Guest Post by Dr. Sherry Pietrzykoski, Senior Instructor, Counseling and Human Development
Part 4 of a 6 part series on Coping with Stress
This week’s science of stress relieving topic is going to be a bit controversial. Why, because it is all about forgiveness.
According to Tom Valeo (2007), “If you can bring yourself to forgive and forget, you are likely to enjoy lower blood pressure, a stronger immune system, and a drop in the stress hormones circulating in your blood, studies suggest. Back pain, stomach problems, and headaches may disappear. And you'll reduce the anger, bitterness, resentment, depression, and other negative emotions that accompany the failure to forgive.”¹
So how do we accomplish this? First, let go of it. You may not or have had the best childhood. Can you change anything about the way you were treated as a child? Then why hang on to any anger or hurt? Is it helping you be a more productive adult or is it making you unhappy? Is all that anger and resentment making you a better person? You may never be OK with the harm that was done to you or what life has thrown you but if you can’t change anything why let it keep affecting the person you are? If you do the person(s) who hurt you are still winning.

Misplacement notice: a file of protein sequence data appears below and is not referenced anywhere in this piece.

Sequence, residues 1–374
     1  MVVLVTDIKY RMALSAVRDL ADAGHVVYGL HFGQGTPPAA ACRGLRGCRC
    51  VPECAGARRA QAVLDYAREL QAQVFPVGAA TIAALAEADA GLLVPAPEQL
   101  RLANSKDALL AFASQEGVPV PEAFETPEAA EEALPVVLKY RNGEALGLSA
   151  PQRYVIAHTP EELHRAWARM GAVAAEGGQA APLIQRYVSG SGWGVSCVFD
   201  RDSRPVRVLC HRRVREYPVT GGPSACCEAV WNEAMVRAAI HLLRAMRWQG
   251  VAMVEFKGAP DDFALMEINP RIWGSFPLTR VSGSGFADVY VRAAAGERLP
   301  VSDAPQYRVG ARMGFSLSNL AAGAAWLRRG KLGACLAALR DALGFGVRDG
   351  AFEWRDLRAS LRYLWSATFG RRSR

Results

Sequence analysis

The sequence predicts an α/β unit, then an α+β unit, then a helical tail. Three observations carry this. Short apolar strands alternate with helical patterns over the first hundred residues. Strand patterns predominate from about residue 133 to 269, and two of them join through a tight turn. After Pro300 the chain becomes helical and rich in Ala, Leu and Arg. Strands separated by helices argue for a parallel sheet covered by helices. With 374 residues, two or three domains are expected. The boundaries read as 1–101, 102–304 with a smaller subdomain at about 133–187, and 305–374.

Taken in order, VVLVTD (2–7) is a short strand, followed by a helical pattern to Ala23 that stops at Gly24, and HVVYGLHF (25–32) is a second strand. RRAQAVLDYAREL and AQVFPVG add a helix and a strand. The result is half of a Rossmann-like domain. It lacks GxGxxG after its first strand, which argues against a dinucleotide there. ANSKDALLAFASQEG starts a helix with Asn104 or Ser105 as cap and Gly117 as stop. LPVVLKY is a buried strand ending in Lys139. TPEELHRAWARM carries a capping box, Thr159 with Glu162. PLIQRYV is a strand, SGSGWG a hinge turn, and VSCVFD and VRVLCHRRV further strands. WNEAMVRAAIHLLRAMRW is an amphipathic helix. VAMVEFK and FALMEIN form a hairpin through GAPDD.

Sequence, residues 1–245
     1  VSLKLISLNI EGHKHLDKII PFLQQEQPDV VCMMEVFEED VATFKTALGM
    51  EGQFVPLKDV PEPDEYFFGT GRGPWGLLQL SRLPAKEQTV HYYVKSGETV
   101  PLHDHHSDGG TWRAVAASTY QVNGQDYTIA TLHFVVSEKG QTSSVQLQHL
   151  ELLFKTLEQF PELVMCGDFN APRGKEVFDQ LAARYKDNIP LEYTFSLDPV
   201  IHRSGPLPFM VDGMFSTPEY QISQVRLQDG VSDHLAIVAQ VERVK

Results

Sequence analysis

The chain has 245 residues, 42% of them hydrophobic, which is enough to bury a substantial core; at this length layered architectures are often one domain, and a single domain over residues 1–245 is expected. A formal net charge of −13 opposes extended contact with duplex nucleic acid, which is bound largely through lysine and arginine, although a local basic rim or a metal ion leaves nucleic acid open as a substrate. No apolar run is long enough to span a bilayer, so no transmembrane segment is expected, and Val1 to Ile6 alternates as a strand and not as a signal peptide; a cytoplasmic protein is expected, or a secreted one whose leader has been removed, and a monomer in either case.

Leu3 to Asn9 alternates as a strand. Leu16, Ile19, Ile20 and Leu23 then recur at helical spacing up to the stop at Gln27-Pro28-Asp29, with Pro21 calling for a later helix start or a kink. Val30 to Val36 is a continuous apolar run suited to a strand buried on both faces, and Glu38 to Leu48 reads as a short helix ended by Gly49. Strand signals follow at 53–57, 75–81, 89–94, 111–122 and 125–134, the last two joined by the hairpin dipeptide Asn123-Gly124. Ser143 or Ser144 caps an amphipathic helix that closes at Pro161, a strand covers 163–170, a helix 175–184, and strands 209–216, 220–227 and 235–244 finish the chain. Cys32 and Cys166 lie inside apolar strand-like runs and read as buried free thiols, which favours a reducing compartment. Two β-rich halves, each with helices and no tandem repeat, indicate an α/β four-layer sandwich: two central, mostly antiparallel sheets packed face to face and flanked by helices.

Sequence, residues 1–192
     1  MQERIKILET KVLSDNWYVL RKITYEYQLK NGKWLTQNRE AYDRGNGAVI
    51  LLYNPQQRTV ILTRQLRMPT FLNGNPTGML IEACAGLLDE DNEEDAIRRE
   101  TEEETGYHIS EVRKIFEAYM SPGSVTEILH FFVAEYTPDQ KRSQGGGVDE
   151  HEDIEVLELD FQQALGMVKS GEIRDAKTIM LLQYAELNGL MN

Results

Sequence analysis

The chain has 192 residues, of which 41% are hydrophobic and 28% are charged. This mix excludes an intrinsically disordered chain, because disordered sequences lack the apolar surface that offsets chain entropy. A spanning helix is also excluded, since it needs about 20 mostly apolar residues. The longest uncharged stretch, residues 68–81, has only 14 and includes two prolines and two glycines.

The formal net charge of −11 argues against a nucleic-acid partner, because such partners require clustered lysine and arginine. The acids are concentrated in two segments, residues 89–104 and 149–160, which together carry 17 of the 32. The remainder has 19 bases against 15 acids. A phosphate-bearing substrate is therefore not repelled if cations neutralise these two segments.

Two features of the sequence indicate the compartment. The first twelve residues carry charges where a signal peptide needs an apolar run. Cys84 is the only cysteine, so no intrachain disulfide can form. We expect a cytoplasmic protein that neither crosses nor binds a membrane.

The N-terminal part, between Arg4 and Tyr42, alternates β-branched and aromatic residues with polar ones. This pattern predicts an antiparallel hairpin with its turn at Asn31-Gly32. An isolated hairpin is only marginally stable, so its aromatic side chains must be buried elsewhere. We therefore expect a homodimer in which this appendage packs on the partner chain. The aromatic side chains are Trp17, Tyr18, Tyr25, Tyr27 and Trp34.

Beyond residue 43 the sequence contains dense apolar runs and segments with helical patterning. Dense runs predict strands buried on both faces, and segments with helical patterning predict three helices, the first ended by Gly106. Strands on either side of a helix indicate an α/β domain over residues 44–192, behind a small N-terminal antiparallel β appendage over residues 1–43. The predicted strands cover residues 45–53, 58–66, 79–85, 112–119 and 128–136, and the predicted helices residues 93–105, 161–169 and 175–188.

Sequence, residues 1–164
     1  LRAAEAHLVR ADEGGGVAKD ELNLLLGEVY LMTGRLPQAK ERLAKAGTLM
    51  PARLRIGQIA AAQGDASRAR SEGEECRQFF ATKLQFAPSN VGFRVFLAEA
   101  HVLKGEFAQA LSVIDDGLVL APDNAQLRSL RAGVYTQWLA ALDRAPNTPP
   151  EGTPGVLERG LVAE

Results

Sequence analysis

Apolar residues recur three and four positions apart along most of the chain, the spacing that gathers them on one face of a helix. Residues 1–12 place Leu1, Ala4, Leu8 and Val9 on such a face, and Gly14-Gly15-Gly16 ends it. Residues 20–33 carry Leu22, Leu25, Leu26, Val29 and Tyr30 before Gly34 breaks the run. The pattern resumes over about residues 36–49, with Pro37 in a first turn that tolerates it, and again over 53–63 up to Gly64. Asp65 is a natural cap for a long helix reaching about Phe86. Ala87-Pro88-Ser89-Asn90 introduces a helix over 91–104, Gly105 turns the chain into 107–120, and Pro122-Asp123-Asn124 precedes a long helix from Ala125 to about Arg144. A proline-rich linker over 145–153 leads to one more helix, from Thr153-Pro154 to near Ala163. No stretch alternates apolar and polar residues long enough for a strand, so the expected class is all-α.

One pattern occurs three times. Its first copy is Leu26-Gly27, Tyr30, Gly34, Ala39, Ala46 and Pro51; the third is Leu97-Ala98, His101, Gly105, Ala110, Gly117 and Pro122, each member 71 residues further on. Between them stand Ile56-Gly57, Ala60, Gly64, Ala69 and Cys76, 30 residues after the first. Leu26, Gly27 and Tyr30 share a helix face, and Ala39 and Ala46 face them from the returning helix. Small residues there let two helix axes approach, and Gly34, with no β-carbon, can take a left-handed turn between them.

Second be thankful for what you have. What? Yes, you may not drive the fanciest car, have all the name brand clothing, or live in the best part of town but things could be worse. At least you have a car that gets you from point A to point B; you could be walking or riding the bus. Be grateful you have clothes on your back and have a place to live, you could be homeless.
So what do the experts tell us to do to get rid of anger hurt, disappointment? How do we forgive and forget? We are going to what is known as REACHing for forgiveness.
Recall the hurt objectively. Get over the self-victimization and blame
Empathize with the person who hurt you. What was that person going through?
Altruistically think about a time you have been forgiven. Have you ever hurt someone?
Commit to the act of forgiving.
Hold on to forgiveness.
What do you think about this concept? Can it work? Would you be willing to give it a try? Is it there any reason to forgive and forget? Have you?
¹ Valeo, Tom. (2007). Forgive and Forget: It's not always easy, but the benefits of forgiving -- and 'forgetting' -- can be powerful. Here are some tips. http://www.webmd.com/mental-health/features/forgive-forget
Read our earlier posts about stress here: